Infinity Countdown Companion

Infinity Countdown Companion
Infinity Countdown Companion review
  • North American Publisher / ISBN: Marvel - ‎978-1-302-91309-0
  • Release date: 2018
  • UPC: 9781302913090
  • Contains adult content?: no
  • Does this pass the Bechdel test?: yes
  • Positive minority portrayal?: yes
  • CATEGORIES: Anthology, Superhero

Unlike the Companion volumes Marvel have previously issued to accompany events, this isn’t old material, but additional stories offering a deeper focus on characters who play a part in the main event. The Black Widow, for instance, who was a surprise participant in a cosmic epic, came into possession of the infinity stone allowing her to teleport anywhere, and her tale is written by Infinity Countdown’s motivator Gerry Duggan.

It’s okay, but no more. The whimsy may or may not work for you, and Nick Virella’s art has an appeal, but it’s also very posed in places. At a time when the Black Widow was among the missing it was nice to see her again, but as part of a collection it’s bland. Duggan also writes the Daredevil outing, largely because even more surprising than the Black Widow is an infinity stone falling into the possession of general lowlife Turk Barrett. Anyone reading the main story and wondering how, discovers the answer here, but it’s rather random, and why does it take Chris Sprouse, Phil Noto and Lee Ferguson to illustrate a thirty page story?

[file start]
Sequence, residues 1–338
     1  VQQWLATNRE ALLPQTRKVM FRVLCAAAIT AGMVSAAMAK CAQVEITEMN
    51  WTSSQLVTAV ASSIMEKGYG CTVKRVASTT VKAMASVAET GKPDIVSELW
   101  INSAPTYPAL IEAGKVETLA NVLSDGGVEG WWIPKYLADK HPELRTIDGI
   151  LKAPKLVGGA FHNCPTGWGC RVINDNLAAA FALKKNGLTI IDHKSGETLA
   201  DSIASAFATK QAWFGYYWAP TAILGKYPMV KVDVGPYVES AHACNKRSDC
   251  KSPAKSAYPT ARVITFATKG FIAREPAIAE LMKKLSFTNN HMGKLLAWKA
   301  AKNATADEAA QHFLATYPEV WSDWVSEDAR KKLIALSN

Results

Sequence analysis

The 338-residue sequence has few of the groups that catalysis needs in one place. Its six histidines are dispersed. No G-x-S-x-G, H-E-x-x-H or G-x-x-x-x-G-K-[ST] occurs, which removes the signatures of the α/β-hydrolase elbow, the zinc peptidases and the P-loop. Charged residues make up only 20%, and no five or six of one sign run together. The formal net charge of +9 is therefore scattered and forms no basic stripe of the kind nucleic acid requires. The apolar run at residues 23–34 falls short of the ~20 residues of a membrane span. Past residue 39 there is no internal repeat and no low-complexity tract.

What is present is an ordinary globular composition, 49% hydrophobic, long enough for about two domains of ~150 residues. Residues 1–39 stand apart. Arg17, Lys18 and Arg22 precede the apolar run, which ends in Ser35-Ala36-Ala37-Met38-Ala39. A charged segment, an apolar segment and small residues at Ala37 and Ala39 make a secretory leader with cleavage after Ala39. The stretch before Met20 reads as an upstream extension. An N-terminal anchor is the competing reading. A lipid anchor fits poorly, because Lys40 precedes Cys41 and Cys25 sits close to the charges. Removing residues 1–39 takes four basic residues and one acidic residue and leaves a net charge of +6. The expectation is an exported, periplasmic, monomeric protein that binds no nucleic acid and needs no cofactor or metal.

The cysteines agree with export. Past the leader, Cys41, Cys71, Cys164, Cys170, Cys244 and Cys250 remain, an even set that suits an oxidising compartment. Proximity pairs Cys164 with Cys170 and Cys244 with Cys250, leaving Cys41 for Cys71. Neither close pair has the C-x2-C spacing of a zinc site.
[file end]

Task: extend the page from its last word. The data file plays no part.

Jim McCann and Diego Olortegui’s Captain Marvel story is better, being a glimpse at some of the infinite alternatives for Carol Danvers. It’s an emotionally draining tour around what might have been and what may still be, but such are the possibilities if you’ve copped hold of the Reality Stone.

Only the Champions story by Jim Zub and Emilio Laiso runs beyond the single chapter, and it’s also the only one not specifically dealing with the consequences of having an infinity stone. Nova receives a warning that his old enemy Warbringer is again loose and eviscerating entire planets, but is reluctant to call in his friends when the threat is so deadly. However, given their power set, leaving them behind isn’t an option either. Events take an unpredictable turn impacting directly on the team, which is unusual for a crossover tie-in. Everything bops along interestingly, and fans of Zub’s work on the series should be happy. The fallout is seen in The Champions: Weird War One.

Infinity Countdown Companion: Darkhawk runs far longer, which is why the further tie-in is allocated its own graphic novel. Champions fans ought to enjoy their two chapters, and they’ll have the bonus of a decent Captain Marvel story, although the nuances are probably only going to be picked up by those who’ve followed Carol Danvers’ career for a long time. Duggan, though, was concentrating on the main event, and coasting here.